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Wolverhampton Intellectual Repository and E-Theses > School of Applied Sciences > Research Centre in Applied Sciences  > Plant and Environmental Research Group > Assessing the structural heterogeneity of urban areas: an example from the Black Country (UK)

Please use this identifier to cite or link to this item: http://hdl.handle.net/2436/29715
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Title: Assessing the structural heterogeneity of urban areas: an example from the Black Country (UK)
Authors: Young, Christopher
Jarvis, Peter
Citation: Urban Ecosystems, 5(1): 49-69
Publisher: Springer Netherlands
Journal: Urban Ecosystems
Issue Date: 2001
URI: http://hdl.handle.net/2436/29715
DOI: 10.1023/A:1021877618584
Additional Links: http://www.springerlink.com/content/h858471m36n63418/
http://direct.bl.uk/bld/PlaceOrder.do?UIN=124891164&ETOC=RN&from=searchengine
Abstract: The increasing acknowledgement of the importance of urban habitats in the maintenance of biodiversity has brought with it a need to quantify this importance at a scale appropriate to the characteristic patch sizes encountered in urban areas. Taking a study area in the Black Country (UK) we used a spatially complete, rapid assessment method to evaluate habitat patches in terms of their internal structural heterogeneity. This method recognises the importance of both natural and anthropogenic processes in providing a diverse range of habitats and niches for both flora and fauna. It also recognises the key role of context in determining the ecological significance of each patch within the urban landscape. All habitats studied had a complex mix of both natural and artificial structural elements, where an element is a within-patch contributor to structural diversity, with each habitat type having a large range of element totals. Characteristic totals, reflecting the level of habitat structural diversity, were observed in some habitat types with residential areas having high values and industrial and commercial areas having low values. Certain structural elements were also associated with each habitat type allowing characteristic element assemblages to be derived. If structural diversity is linked with biodiversity, as seems to be the case in many (though not all) habitat types, then this unique method of viewing the urban landscape becomes a powerful tool for informing wildlife ecologists, nature conservationists, urban planners, environmental managers and landscape architects. (Springer Verlag)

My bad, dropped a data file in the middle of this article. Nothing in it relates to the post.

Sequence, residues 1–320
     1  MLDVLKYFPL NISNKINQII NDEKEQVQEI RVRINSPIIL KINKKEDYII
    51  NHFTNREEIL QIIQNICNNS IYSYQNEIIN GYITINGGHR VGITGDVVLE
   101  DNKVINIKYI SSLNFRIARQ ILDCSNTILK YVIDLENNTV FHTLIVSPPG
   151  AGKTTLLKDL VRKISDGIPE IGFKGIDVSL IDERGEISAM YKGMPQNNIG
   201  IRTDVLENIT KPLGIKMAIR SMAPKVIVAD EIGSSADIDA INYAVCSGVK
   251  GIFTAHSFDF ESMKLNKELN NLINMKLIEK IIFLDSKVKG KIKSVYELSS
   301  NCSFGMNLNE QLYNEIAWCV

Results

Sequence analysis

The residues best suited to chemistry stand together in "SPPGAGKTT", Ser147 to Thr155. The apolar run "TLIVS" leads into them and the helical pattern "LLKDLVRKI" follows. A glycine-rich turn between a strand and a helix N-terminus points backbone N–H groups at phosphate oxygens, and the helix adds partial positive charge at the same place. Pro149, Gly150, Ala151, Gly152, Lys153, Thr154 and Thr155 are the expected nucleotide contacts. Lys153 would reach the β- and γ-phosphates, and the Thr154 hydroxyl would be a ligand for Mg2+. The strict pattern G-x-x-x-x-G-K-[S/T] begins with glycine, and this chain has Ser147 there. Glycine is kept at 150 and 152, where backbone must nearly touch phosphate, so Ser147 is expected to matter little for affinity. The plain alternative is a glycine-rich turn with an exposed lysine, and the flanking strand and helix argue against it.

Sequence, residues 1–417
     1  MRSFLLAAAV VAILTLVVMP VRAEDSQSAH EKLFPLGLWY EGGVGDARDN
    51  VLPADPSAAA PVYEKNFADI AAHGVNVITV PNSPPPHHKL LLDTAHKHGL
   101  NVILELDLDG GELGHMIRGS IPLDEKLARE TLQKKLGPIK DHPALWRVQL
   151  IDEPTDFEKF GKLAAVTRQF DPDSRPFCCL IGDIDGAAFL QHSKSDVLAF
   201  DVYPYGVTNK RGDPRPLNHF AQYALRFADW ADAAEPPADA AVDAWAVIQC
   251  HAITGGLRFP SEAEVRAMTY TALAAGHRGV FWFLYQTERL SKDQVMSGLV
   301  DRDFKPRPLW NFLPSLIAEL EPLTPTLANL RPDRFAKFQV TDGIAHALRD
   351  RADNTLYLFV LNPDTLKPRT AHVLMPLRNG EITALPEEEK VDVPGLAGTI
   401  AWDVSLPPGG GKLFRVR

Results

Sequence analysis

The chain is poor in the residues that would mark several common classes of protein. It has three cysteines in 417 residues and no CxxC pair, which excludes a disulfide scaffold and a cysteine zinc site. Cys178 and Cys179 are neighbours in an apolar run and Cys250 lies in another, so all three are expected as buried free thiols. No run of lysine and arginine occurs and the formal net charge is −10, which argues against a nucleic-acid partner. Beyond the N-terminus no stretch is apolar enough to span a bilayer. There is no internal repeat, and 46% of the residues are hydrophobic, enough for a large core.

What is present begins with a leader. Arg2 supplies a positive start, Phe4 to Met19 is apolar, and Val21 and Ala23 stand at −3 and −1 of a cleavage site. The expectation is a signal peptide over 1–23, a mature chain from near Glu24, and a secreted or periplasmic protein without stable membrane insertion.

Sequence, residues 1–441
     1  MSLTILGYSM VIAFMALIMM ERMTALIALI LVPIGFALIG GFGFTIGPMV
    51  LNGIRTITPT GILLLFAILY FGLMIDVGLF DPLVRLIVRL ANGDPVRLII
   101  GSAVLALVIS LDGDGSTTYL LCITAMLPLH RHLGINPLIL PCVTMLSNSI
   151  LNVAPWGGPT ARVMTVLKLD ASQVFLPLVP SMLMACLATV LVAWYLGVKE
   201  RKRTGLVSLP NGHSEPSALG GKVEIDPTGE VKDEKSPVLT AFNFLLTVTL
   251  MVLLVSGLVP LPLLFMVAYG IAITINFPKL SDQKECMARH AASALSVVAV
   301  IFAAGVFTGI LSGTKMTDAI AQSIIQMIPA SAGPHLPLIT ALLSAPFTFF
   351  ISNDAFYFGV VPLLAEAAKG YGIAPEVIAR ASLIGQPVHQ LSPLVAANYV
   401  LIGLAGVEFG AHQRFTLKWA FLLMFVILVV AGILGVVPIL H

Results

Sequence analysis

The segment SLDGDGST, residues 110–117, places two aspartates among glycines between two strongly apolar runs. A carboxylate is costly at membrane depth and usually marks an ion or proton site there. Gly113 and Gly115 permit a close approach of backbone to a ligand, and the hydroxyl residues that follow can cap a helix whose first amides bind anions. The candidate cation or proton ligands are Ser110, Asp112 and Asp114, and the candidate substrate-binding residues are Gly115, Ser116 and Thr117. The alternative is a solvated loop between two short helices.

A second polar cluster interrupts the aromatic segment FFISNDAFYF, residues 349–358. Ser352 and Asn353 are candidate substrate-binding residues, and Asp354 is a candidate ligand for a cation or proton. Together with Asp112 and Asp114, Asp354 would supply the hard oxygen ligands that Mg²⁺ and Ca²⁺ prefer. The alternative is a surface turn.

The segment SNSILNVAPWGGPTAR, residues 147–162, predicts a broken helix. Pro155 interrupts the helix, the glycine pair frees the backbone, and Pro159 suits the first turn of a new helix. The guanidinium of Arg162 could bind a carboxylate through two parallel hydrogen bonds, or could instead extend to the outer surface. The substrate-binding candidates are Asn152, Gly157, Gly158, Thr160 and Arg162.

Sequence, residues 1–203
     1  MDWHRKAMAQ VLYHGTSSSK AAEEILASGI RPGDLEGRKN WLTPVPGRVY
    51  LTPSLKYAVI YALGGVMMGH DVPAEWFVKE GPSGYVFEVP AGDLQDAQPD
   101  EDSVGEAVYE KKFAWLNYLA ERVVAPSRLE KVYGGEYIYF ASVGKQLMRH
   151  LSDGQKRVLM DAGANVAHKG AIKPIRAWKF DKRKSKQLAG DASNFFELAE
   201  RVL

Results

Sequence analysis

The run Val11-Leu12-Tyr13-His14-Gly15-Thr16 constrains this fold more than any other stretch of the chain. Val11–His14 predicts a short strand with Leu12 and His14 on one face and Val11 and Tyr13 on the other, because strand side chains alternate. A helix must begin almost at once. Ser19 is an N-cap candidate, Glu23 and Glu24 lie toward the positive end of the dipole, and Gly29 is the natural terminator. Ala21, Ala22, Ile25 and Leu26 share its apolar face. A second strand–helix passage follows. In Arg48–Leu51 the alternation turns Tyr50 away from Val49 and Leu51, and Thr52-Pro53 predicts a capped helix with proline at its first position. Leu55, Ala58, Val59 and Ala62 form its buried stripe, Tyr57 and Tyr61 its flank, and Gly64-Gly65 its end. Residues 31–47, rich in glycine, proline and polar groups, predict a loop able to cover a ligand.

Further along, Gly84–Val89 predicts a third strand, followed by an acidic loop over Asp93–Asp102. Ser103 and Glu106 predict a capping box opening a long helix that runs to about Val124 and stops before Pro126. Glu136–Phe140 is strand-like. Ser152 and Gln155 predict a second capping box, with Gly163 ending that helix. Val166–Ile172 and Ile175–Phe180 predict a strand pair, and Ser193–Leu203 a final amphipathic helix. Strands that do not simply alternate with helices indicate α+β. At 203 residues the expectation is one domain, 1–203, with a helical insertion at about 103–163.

Type: Article
Language: en
Keywords: Landscape ecology
Urban habitats
Habitat structure
Structural diversity
Biodiversity
Black Country
West Midlands
Conservation
Environmental management
ISSN: 1083-8155
1573-1642
Appears in Collections: Plant and Environmental Research Group

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